! rom. This response also guided my process o re ining the game pieces rom round shapes with the symbol o the arrow to small representations o arrows themselves. A print and play version o the game was designed and developed to share many o the same design elements o the physical board and pieces but to allow or the game, including the board and all o the pieces and instructions to be distributed digitally, printed on a home inkjet printer and assembled with tape and scissors. The board prints out as our separate sheets to be taped together and includes game pieces to be cut out and taped to pennies. So ar I've discussed my initial inspirations, how through my research I've uncovered the links between games, ownership, rituals and the occult, how I've incorporated elements rom this research into various elements o the game itsel !, with special attention given to the name and pieces o the game and how through an iterative process o play testing modi ications to the game elements and rules have come about. In the ollowing pages I will be going into more detail regarding some speci ics o the games elements as well as how I chose to show the dynamics o the game via an exhibition in a gallery setting. Color and Opponent Process Theory As I had previously mentioned primary colors were chosen as part o the color scheme or this project. The colors came to represent a speci ic player o the game and this color as representation o identity extended throughout the various elements utilized by the players, rom pillows to adhesive notes to chalk pencils. Be ore I came to primary colors I had originally designated blue and yellow as the two colors to POSSESSION 17 FIG 28 Family members helped a lot with play testing, here is my mother's cousin, Jane. Photo: John Fleischer FIG 29 Oppositional colors, blue and yellow


represent each player in the game. I tried many color combinations and I wanted colors that contrasted but didn't have explicit connections to schools or holidays, such as orange and blue being a color combination associated with the University o Florida. I wanted to have some color involved because I knew that the board would be a space or players to leave marks with chalk. I will explain this decision in more detail in a later section o the paper, but the act o the matter is that the board would be black and as the space on the board is space to be won through competing against an opponent it wouldn't make sense or one player's color to match the color o the board and another to contrast. I shared my trouble about inding two colors to choose with a colleague and he cautioned me against choosing red and green due to issues o accessibility, red and green being indistinguishable to those who are colorblind. I hadn't considered this reason or not choosing green and red, I already wrote them o $ as a potential combination due to their association with Christmas. But this other reason perhaps was more valid. Instead o looking at cultural associations to guide my process I turned my attention to biological and psychological reactions to speci ic color choices. The logic behind this is sound and consistent with my use o arrows as a cultural signi ier in this game. I the purpose o a hunter's arrow is to kill, or injure or the purpose o hunting then it can be said that it's use is with the utmost purpose and intention. Hunting by bow and arrow had provided sustenance or human kind or many generations and even today you can see this link to the past via the rediscovery o "stone age" tribes by modern anthropologists. A connection between the prominence o arrows in early culture is most notable via a popular image o tribesmen pointing POSSESSION 18 FIG 30-36 Trying out many color combinations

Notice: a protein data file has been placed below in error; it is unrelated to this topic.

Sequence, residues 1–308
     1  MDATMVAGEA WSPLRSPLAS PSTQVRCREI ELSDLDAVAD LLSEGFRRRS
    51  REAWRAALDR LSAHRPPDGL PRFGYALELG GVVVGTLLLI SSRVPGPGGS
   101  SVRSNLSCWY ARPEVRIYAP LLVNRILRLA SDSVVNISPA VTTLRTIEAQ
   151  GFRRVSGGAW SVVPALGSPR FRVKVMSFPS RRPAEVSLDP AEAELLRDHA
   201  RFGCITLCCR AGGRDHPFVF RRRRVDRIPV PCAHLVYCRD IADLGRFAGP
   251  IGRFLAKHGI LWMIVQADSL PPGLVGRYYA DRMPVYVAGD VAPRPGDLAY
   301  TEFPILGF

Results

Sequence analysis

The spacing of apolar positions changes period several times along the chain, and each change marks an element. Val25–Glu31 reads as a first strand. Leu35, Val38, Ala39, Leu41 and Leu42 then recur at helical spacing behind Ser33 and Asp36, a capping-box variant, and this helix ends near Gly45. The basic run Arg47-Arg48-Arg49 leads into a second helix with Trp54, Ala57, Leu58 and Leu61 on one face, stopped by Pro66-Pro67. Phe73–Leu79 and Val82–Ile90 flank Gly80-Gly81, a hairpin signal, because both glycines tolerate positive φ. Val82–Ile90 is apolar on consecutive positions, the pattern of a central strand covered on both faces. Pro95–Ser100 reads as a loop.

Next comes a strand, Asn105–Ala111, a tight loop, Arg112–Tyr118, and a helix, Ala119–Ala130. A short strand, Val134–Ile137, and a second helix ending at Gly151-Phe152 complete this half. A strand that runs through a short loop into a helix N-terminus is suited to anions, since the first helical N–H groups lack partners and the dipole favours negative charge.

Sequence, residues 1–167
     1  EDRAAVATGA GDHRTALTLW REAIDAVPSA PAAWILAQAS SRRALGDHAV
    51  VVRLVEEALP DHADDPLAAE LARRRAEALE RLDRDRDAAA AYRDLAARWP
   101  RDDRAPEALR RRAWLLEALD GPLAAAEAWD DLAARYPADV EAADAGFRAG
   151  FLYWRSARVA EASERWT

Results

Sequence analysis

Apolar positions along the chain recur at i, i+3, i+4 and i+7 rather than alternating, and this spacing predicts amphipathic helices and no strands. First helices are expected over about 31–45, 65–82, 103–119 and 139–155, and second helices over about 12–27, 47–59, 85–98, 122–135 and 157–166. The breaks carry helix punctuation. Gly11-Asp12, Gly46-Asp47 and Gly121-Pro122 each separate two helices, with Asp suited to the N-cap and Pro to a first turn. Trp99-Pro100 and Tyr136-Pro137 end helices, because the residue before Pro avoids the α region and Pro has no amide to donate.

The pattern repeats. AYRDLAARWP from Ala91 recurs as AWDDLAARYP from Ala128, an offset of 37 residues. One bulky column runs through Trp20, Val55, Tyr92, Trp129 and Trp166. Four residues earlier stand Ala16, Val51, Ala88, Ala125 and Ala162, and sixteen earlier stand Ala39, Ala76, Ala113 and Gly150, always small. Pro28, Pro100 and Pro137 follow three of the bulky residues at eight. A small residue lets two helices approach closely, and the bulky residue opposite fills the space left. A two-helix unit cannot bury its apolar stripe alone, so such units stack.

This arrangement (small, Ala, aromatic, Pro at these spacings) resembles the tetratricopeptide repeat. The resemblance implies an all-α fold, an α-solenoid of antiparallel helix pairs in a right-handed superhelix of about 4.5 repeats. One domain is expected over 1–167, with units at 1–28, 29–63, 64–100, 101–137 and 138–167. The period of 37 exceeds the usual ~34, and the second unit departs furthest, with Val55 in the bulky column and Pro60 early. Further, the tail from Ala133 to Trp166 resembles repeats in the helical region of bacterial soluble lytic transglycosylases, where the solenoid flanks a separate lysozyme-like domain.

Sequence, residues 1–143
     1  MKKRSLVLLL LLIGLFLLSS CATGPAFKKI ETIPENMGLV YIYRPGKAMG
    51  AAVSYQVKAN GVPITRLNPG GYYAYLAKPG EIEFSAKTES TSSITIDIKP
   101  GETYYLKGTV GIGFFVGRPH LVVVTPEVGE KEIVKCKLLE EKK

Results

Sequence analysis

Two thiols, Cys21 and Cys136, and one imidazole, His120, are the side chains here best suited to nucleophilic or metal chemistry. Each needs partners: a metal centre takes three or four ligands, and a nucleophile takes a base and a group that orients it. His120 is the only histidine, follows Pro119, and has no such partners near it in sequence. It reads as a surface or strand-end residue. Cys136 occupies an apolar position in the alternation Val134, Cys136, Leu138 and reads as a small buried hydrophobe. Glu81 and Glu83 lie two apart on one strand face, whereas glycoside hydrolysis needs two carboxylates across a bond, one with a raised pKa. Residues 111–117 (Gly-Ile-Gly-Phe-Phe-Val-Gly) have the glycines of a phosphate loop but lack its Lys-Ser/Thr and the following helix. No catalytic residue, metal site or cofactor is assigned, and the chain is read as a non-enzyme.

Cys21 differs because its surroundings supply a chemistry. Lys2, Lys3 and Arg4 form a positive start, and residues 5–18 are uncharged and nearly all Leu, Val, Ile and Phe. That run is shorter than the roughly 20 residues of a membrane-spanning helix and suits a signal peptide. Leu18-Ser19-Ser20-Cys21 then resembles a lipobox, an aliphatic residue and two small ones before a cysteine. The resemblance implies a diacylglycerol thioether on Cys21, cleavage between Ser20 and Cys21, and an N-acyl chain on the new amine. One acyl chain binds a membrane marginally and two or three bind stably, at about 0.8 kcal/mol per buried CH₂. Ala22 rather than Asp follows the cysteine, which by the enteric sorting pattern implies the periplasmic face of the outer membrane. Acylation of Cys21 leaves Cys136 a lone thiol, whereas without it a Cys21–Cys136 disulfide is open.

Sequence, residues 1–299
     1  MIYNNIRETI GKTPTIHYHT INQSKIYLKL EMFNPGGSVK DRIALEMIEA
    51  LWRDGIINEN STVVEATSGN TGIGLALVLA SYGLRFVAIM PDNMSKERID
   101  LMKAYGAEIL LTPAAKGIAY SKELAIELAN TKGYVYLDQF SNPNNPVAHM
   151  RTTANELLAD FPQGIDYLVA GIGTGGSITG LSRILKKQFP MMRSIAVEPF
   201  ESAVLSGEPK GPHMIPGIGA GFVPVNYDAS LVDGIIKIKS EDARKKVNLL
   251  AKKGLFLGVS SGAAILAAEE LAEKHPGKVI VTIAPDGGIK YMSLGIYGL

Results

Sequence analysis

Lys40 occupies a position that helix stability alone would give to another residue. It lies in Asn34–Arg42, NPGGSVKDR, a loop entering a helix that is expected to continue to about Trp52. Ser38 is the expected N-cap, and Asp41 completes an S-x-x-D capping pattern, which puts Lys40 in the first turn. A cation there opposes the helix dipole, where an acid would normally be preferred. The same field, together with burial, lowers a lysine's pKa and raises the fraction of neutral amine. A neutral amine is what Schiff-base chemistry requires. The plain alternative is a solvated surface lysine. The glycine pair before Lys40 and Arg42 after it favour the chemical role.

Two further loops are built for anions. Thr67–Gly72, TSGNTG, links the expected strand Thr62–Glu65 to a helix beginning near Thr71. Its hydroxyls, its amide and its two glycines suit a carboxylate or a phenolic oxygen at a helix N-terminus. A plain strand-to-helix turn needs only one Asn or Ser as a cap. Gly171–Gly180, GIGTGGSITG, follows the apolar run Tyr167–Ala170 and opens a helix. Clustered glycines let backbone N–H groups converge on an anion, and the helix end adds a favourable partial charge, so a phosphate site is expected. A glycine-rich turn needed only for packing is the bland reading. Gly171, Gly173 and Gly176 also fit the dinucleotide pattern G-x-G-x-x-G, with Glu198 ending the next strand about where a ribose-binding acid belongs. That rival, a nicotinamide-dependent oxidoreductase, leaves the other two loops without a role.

their bow and arrows at planes used to ly over to photograph them. 8 I we look at the arrow as an extension o earlier hand weapons o stone age civilizations, and consider those weapons as augmentations o our limited biological acilities (ie hands and limbs) in order to make hunting easier then perhaps it is this crystallization o the concept o intention in order to possess and consume (whether that is ood via a hunt or by purchasing and owning, ie consumerism) that the arrow represents. So, i the physical and symbolic arrow are derived rom the limits o our biology it is with this same logic that the colors yellow and blue were selected to represent opposing points o view. The colors yellow and blue were selected a # er I had done research into opponent process theory, in relation to color and the biology o the eye. The theory states "The three types o cones (cells in the eye) have some overlap in the (perception o ) wavelengths o light... it is more e cient or the visual system to record di $ erences between the responses... rather than each type o cone's individual response." 9 The colors in this theory are called opponent colors and they are paired as black/ white, red/green and blue/yellow. This means that these colors are literally in opposition to each other when perceived by the human eye. This makes them ideal colors to use as my own theory o human physiology as related to the arrow, the hand and human intention relies on physical properties o human biology. The choice to use these colors is not merely an aesthetic decision but one that ties into the purpose o the irst round o the game, that is to promote competition and opposition and in turn generate an emotional "buyPOSSESSION 19 8 "Isolated tribe spotted in Brazil," BBC News May 30, 2008, accessed April 22, 2013 9 Ewald Hering, Outline o a Theory o! the Light Sense. 1964 Harvard University Press, Cambridge, Mass. FIG 37 Modern tribal people, arrows at the ready FIG 38 Rods and cones o the human eye, the organs with which we perceive the world